A The first thing to say is that, however frustrated you may be with the response of the criminal justice system to shoplifting in your store, you should continue to work with police and always report incidents to them - backed up where possible with CCTV images.
But it's also possible to use a civil recovery scheme to reclaim the money you lose when a shoplifter gets away with your stock. The British Retail Consortium has a scheme for its members which has been operating successfully since 1998.
Procedures have been agreed with the Association of Chief Police Officers and the Crown Prosecution Service for how civil recovery should work - which is why independents and non-BRC members should always seek advice from their local police.
According to the Centre for Retail Research, "the most likely amount demanded from a customer thief is between £85 and £150".
It adds: "Only about 10% of people apprehended for shop theft are ever charged and appear in court. Little happens to the others, although many are cautioned. The new penalty notices for disturbance involve no criminal record.
"Stealing from shops is therefore a low-risk, low-cost crime which generally receives little if any criminal penalty. This provides little deterrent to curb shop theft. A major argument in favour of retail civil recovery is that it provides some form of sanction against people who steal from shops, thus reinforcing the fact that shop theft is morally wrong."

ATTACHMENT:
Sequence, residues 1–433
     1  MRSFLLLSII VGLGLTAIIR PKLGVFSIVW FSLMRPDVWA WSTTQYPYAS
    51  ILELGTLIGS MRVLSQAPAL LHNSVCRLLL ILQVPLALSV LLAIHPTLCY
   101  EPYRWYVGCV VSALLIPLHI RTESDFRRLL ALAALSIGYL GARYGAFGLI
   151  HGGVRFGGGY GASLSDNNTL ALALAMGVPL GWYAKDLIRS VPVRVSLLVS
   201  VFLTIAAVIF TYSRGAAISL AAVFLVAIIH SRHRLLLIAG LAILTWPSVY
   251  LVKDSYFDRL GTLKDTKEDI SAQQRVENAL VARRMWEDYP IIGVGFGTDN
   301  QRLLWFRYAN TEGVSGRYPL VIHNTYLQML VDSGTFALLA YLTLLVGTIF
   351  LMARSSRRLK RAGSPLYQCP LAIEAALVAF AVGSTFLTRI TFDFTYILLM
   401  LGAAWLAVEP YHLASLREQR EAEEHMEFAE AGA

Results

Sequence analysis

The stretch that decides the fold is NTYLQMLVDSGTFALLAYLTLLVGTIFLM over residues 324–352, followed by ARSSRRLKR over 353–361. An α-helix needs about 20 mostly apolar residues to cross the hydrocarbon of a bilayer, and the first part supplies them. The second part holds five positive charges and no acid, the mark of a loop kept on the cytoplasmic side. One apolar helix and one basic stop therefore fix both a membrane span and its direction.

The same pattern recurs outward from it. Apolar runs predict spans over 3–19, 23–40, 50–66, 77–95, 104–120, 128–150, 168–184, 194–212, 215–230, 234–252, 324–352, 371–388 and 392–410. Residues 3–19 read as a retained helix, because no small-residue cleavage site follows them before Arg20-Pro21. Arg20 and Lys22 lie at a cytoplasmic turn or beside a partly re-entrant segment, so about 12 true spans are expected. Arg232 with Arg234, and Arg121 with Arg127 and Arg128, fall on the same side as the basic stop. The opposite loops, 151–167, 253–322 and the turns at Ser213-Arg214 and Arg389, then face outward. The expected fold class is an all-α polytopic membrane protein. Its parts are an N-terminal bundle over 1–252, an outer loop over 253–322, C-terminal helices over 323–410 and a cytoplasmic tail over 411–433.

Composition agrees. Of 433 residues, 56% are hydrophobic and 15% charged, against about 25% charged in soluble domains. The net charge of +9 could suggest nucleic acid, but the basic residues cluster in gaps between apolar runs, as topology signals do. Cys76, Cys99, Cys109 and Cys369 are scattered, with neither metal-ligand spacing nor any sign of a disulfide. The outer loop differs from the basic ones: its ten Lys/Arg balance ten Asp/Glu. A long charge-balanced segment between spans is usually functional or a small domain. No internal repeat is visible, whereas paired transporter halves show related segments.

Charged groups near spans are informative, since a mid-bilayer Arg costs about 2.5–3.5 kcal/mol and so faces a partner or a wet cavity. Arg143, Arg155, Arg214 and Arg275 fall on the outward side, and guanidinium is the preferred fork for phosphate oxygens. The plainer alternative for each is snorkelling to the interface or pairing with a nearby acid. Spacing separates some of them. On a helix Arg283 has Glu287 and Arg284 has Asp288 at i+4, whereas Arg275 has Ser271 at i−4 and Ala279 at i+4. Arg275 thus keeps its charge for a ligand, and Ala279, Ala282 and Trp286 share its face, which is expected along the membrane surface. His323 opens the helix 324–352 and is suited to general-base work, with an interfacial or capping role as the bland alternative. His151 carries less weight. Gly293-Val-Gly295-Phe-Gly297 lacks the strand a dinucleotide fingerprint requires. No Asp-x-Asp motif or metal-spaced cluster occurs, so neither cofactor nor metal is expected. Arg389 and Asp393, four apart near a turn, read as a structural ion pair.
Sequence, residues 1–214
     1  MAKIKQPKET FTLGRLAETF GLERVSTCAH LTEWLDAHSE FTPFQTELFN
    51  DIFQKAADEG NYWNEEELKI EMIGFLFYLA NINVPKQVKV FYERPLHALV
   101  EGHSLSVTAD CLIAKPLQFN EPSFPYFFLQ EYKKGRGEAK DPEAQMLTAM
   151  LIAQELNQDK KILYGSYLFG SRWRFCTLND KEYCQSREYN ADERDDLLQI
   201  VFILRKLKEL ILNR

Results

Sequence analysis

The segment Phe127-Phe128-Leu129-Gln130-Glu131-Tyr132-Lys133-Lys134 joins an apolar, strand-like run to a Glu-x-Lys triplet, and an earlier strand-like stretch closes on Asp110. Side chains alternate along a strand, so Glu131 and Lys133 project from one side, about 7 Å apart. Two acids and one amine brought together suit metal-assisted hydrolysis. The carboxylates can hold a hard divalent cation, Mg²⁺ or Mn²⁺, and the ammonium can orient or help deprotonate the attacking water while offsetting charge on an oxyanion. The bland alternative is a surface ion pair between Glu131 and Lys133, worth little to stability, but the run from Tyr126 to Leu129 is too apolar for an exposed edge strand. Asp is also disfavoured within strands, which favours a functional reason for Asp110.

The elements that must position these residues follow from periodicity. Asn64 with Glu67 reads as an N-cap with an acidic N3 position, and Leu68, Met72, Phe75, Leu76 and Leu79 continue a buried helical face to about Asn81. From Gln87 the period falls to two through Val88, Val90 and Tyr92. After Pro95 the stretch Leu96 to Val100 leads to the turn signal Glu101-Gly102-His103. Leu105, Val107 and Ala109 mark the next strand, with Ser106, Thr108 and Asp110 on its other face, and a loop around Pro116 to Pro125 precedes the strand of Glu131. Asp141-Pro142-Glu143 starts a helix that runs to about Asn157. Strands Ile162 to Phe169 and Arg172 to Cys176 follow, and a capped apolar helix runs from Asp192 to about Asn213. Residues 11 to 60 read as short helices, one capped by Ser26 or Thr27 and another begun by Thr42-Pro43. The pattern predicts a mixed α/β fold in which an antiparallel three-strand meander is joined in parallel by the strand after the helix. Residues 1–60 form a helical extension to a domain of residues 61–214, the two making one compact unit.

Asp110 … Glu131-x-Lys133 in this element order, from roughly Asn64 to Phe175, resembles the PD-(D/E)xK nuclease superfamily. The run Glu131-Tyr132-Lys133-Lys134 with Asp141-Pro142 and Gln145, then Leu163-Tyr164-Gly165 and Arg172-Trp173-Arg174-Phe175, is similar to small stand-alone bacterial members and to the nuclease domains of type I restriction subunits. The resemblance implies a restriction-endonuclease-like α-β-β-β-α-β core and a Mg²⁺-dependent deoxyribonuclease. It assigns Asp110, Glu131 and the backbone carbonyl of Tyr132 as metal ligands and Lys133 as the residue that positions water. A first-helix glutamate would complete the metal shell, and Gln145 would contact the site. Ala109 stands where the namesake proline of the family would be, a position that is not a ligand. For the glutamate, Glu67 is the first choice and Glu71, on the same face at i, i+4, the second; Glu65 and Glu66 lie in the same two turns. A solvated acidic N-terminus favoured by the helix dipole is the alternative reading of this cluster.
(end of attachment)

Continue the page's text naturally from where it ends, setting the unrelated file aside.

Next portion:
It explains that the UK National Civil Recovery Programme has been administered by Retail Loss Prevention (lossprevention.co.uk) since 1998. It handles more than 65,000 cases every year and represents most retailers.
CRR calculates that in the UK, theft and other crimes against shops cost more than £3 billion a year and a further £979 million is spent by retailers on security. Although 450,000 shop thieves were apprehended in 2005, fewer than 65,000 appeared before the courts.
Q Is beer discounting really more prevalent now than in previous years? Or does it just seem that way?
A Believe it or not, there are actually fewer promotions than in 2007 - though that's not the same thing as saying that prices are higher. In fact some might argue that, with beer regularly being sold at low prices, the need for promotions has lessened.
Assosia, an agency which monitors retail pricing and pro motions, calculated the number of beer promotions has fallen from 2,089 to 1,704. Wine promotions are more prevalent, at 2,550, though this may simply reflect the number of SKUs in the marketplace.
The most promoted brand, according to Assosia, is Stella Artois, followed by Hardys Crest and Carlsberg. The league table a year ago was led by Carlsberg, followed by Stella Artois and then Gallo.
Sectors which have seen a big increase in promotional activity include cider and RTDs.